According to the most recent  audit to the Department of Education  by City Comptroller John C. Lui, although state regents tests, and graduation rates may demonstrate progress, they are difficult to understand. As told by Lui, because the method the grades are calculated has changes multiple times, it is difficult to use those reports to look at a school’s performance from year to year or to determine whether or not those numbers accurately the shift in performance. This is very problematic, because officials decide whether a school stays opened or closed based on the results of  those progress reports. How do they know they are accurate? Not implying that tests are the best way to check performance but can that assert that these measure are accurate? How about not changing the method every year. This flawed method may be the reason why so many schools have had failing grades and have ended up closing. If they have found a system that works, why not just stick to it?

for further reading:

http://www.nytimes.com/2011/05/16/education/16audit.html?_r=1&ref=education

There is a warehouse in Long Island City, a wonderful, wonderful warehouse that hold three ring binders, paint and even mannequins for public schools to use for free. Yes, free. The article titled For Schools, Free Art Supplies, and Much More in the New York Times tells us all about this magical place in Queens. The Materials for the Arts warehouse has been around for 32 years and has now opened its doors to public schools. There is a variety of items up for grabs at the warehouse. Some regular things like filing cabinets and benches along with other items that may not have a clear use like battery operated candles or clear buttons. Many have gone to the warehouse with the mentality that what they are able to base their projects about what they find in the warehouse. It seems to be almost like a treasure hunt. All of the stock in the warehouse is donation based from companies like Macy’s and Coach, even Columbia Pictures. Materials for the Arts is run by the Department of Cultural Affairs along with the Sanitation Department.
This is a wonderful resource for teachers and school officials. This is actually the first I have heard about anything like this in the city and everything is free! The Materials for the Arts warehouse helps teachers get out of the humdrum way of teaching and has them incorporate creativity into their lessons by having to be creative themselves with the finds they have chosen. I hope that this is around when I have a classroom!

The current education crisis doesn’t seem to be getting any better. We have seen various forms of civic mobilization  from the public to to show their dismay for decisions that elites have made.  The public has engaged in protests, sit- ins, and even rallies but what if the public takes an unconventional approach to civic mobilization?  What if the public  used social media as a mean for activism? Experts imply that using Social media in this form can be two things-good or bad!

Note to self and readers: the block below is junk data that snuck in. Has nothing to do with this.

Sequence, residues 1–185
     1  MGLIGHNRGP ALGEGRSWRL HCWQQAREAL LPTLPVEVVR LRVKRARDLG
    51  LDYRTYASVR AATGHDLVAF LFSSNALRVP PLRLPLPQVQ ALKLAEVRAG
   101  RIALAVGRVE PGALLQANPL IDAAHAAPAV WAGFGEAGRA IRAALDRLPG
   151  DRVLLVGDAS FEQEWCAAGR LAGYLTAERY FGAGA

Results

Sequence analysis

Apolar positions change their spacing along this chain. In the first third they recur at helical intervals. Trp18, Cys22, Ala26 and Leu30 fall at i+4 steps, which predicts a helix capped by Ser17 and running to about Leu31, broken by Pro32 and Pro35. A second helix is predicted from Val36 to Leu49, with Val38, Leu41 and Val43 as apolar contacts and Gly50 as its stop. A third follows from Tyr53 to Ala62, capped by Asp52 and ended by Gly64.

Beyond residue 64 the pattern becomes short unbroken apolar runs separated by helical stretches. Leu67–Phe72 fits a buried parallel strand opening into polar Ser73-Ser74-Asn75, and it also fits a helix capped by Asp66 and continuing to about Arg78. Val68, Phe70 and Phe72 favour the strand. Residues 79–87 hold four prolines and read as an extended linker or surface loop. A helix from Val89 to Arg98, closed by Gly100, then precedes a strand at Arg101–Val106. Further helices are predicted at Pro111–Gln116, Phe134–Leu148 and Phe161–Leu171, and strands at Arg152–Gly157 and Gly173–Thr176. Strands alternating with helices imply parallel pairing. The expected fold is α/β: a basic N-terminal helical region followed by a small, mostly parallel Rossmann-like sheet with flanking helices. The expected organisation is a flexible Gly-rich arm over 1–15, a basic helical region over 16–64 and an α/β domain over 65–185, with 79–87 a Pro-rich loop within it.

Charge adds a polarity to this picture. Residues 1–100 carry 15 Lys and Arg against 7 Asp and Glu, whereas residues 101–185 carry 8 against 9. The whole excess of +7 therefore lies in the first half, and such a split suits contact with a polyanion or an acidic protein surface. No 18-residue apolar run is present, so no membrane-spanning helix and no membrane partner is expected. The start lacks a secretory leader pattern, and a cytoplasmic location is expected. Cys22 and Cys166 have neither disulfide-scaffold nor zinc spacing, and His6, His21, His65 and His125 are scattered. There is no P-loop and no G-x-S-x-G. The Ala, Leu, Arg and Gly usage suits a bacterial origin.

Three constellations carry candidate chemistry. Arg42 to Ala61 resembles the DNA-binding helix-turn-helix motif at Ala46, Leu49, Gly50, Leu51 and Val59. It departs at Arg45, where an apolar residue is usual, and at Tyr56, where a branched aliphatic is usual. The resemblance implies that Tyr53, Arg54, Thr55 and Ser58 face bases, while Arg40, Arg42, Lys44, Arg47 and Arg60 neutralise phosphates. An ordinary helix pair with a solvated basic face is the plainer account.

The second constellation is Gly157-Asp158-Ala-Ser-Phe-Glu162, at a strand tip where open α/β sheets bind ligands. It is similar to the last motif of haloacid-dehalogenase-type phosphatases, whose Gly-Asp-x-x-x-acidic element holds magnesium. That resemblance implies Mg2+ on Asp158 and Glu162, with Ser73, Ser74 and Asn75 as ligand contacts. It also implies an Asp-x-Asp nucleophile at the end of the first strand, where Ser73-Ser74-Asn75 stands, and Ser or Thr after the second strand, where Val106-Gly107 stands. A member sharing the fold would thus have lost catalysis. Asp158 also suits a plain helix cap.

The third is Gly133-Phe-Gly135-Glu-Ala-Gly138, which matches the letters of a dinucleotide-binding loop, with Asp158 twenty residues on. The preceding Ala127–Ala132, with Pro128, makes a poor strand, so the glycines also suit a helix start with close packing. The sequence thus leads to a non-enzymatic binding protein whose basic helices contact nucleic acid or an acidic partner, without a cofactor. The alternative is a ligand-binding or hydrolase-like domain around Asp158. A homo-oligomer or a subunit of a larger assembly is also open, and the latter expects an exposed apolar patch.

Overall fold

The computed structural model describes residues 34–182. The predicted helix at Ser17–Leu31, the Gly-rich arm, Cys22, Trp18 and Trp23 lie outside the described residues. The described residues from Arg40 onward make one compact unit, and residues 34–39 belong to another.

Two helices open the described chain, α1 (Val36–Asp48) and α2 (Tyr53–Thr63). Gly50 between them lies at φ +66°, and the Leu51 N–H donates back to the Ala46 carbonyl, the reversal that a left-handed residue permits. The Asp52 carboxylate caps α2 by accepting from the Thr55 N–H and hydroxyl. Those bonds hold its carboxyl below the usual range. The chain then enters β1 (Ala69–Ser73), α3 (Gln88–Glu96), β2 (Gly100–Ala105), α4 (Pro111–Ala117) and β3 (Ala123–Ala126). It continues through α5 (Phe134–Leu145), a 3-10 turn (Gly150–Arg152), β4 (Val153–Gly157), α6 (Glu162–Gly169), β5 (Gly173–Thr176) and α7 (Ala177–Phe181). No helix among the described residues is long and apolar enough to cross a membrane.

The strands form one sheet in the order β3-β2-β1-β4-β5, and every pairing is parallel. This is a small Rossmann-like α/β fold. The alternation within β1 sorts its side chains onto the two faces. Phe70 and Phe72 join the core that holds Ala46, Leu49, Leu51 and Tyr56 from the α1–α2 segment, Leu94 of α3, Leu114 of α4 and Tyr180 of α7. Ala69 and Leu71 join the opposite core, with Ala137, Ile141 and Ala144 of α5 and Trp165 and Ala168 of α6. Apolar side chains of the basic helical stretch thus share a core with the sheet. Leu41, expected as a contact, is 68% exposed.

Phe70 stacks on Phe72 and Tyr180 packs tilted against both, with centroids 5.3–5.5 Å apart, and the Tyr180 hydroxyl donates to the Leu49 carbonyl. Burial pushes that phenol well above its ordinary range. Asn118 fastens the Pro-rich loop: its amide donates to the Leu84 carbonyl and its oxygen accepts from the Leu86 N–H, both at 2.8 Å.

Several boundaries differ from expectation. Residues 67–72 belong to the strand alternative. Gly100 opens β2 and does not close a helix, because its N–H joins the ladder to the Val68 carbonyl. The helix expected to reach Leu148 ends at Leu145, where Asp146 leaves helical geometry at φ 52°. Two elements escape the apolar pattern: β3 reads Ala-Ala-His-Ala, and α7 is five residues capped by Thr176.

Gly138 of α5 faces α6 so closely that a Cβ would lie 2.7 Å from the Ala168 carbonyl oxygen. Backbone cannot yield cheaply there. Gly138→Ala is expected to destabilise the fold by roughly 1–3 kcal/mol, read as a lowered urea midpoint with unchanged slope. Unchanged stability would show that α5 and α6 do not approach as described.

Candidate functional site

According to Malcolm Gladwell in his New Yorker article Small Change, using social media as a form of activism is weak. there often tends to be a type of disconnect between the activist and the actual “cause”, “where activists were once defined by their causes, they are now defined by their tools” (Gladwell 3). With this being said, it might be safe to assume that engaging in activism just got easier. He continues by stating that the apparent disconnect between the two, actually sparks more “activism”. “social networks are effective at increasing participation by lessening the level of motivation that participation requires”  (Gladwell 5). With just a click of a button an individual can join a group of their interest and virtually sign petitions that support the groups’ interest.   Is it fair to call social medias revolutionary?

Read the rest of this entry »

At least he thinks he’s amusing. President Obama responded to the ever-increasing criticism he has received recently, with opening remarks at the White House Correspondents Dinner (See video above).  In the first two minutes, he took quite a jab at Matt Damon-FYI Obama, the “Adjustment Bureau” was pretty good. Damon went on Piers Morgan’s show (see post below, for video) and spoke about his frustration with Obama, particularly his “education plan.” Now instead of productively responding to Damon’s valid criticism that students are not learning, but rather being taught to memorize-which is highly problematic- Obama decided to insult Damon’s newest film. I personally did not find this amusing, and think that Obama should take Damon’s criticism seriously and respond to it, for it is an incredibly valid concern, that is felt by many, but voiced publically by one successful actor. I was not amused by this, and think that Obama needs to take this criticism seriously, and DEAL with the crisis at hand, instead of taking jabs at Damon. On a side note, the bashing of Donald Trump was actually HYSTERICAL! Matt Damon, your up next…. take your best shot. Team Damon or Team Obama?